U.K. retail sale volumes rose sharply in April, fuelling optimism over the health of the country’s economy, industry data showed on Thursday.
In a report, the Confederation of British Industry said the result of its index of U.K. retailers jumped by 17.0 points to a reading of 30.0 this month from 13.0 in March. Analysts had expected the index to increase by 4.0 point to 17.0 in April.
On the index, a reading above 0.0 indicates higher sales volume, below indicates lower.
Sales volumes are expected to rise again next month, with expectations for growth at their strongest since December 2010.
Among the retail sectors, grocers, footwear & leather and hardware & DIY recorded particularly strong annual sales growth, all seeing a pick-up from March.
Barry Williams, Chair of the CBI Distributive Trades Survey Panel said, “The high street has a spring in its step – retailers performed well in April and enjoyed a strong rise in sales compared with this time last year. It’s a welcome rebound from March, largely down to the later timing of Mother’s Day and Easter.”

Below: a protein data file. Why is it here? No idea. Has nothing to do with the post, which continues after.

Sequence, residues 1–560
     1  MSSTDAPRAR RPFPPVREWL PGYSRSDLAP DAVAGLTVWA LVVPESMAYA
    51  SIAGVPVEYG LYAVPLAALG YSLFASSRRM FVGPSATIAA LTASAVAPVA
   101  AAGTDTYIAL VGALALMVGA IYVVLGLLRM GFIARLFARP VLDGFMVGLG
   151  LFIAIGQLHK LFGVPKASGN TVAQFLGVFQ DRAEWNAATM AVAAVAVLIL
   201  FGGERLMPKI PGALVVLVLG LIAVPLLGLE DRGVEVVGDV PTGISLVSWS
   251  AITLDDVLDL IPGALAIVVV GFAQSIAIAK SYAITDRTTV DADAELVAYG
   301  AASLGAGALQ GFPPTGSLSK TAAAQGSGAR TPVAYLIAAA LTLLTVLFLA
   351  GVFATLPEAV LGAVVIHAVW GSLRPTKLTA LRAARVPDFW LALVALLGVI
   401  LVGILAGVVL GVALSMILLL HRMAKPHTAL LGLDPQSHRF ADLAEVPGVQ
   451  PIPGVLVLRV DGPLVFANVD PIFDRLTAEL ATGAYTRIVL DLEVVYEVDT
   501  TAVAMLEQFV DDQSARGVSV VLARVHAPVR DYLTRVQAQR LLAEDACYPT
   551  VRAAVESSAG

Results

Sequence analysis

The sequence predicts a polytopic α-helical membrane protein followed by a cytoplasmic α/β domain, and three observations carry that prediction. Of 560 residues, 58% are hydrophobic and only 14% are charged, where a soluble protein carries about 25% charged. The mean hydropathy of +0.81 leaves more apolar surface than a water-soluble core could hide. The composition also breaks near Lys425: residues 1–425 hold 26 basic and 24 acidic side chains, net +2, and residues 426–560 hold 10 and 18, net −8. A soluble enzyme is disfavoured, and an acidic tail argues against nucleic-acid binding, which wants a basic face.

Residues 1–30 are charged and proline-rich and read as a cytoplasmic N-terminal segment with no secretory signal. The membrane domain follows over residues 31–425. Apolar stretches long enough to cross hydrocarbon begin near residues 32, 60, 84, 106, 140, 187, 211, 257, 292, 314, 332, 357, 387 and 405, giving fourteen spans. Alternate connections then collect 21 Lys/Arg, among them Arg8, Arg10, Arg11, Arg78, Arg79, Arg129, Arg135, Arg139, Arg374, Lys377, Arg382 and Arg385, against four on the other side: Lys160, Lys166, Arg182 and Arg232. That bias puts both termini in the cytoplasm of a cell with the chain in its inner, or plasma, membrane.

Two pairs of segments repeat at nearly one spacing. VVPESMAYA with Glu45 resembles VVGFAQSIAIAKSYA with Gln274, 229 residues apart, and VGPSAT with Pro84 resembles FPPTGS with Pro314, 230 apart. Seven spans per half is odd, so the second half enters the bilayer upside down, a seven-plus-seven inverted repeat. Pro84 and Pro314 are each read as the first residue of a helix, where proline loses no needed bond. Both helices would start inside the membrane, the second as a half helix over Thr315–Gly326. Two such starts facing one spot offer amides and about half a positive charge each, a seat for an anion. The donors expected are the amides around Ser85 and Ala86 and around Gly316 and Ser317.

Following the release of that data, the pound held on to mild gains against the U.S. dollar, with GBP/USD advancing 0.09% to trade at 1.6797.
Meanwhile, European stock markets remained higher. London’s FTSE 100 climbed 0.7%, the DJ Euro Stoxx 50 rose 0.8%, France’s CAC 40 jumped 1%, while Germany's DAX rallied 1%.